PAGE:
In this latest installment of the Whatever of the Delaware (maybe I should change the name of the series since it's gone long past summer and then fall and now winter), we're gonna take a
drive. Not a long drive, but long enough of one that we're gonna sit through a little rush hour traffic and, when all is said and done, find ourselves down south in Dixie.
The state of Delaware, second smallest in the country, has a grand total of three counties. (Even Rhode Island has five.) New Castle, the northernmost, is its center of industry, activity
and population. Wilmington and its Northeast Corridor neighbors, by geographic default, fall into Philly's metropolitan statistical area. Sussex, the southernmost, is largely rural and on
the eastern edge are Delaware's destination beaches, Rehoboth, Dewey and Bethany. Between them is Kent County, where the state capital Dover straddles a meager hill dividing the
the Chesapeake Bay to the west and the Delaware River-Bay to the east. And just above Dover is Smyrna, a town of under 10,000 that's hugged the southern bank of Duck Creek, one of the
Delaware's hundreds of meandering, marshy tributaries, since 1706.
Those salty tidewater marshes were, at least for a couple hundred years, the lifeblood of many a Delawarean man. The fishing of shad, sturgeon, catfish and eel, the hunting of duck, brant
and goose, and the trapping of turtle, fox and a smelly little rodent called muskrat . . . there are few left who make a living doing these, and arguably none left who support themselves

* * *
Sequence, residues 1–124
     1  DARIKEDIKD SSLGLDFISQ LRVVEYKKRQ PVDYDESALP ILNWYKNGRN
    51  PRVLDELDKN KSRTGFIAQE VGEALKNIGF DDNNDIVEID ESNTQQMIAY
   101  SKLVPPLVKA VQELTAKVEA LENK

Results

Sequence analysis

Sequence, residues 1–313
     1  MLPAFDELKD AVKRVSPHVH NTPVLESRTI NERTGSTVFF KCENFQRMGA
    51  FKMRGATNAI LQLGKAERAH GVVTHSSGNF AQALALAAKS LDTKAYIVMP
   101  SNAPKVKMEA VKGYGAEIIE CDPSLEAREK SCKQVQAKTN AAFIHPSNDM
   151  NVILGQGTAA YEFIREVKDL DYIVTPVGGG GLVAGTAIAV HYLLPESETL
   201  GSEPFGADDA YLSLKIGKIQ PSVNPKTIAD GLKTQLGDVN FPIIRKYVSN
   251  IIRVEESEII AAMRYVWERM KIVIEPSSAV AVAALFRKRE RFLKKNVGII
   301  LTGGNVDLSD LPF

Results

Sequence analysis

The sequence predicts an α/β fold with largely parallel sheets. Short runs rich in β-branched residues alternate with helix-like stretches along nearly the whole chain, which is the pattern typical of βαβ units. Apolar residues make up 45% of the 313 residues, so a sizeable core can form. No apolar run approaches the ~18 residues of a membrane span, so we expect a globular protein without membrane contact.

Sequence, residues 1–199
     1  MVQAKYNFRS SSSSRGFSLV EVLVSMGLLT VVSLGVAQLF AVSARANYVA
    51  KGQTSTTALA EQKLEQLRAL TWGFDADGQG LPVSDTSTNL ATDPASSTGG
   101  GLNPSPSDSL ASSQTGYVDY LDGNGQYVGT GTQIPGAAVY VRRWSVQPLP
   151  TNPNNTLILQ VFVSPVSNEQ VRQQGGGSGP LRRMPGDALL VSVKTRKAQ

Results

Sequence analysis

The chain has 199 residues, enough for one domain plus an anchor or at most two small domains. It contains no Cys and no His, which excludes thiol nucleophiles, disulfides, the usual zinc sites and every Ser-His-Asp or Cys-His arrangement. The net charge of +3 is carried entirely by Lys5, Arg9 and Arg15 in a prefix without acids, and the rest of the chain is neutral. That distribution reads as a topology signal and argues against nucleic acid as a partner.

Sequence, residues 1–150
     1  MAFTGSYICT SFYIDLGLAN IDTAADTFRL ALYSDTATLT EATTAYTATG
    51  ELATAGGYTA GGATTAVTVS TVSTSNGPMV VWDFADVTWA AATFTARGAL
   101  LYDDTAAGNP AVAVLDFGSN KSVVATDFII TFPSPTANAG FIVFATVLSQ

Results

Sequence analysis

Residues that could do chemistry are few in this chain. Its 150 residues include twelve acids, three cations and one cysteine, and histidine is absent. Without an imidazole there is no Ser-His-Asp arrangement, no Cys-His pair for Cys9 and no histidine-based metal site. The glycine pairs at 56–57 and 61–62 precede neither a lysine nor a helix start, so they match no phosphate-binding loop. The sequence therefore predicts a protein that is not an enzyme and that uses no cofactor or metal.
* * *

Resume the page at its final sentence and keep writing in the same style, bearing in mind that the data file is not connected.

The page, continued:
on the muskrat, a one time lucrative consolation to the long-ago loss of the beaver.
"It's just the love of it," says Mark, a Smyrna man who's been trapping muskrat since he was a boy. "It's an awful lot of work with not much reward."
The reward used to be the sale of the pelts for their fur and their glands for use in fragrances; the meat was sometimes sold, but usually just kept and cooked (and given to friends and
family). That's right -- muskrat meat, as pictured in the first photo above.
Chemistry has long replaced the need for muskrat glands, and individual pelts bring less than a dollar apiece. So it's the tradition -- meat and the trapping itself -- that keep men in
the muddy marshes, laboring in small boats to tend to hundreds of traps tied to the bottom of tall bamboo sticks marked with colored flags, and dependent on the rise and fall of the
tide. As Mark said, it takes a lot of love to commit that much work.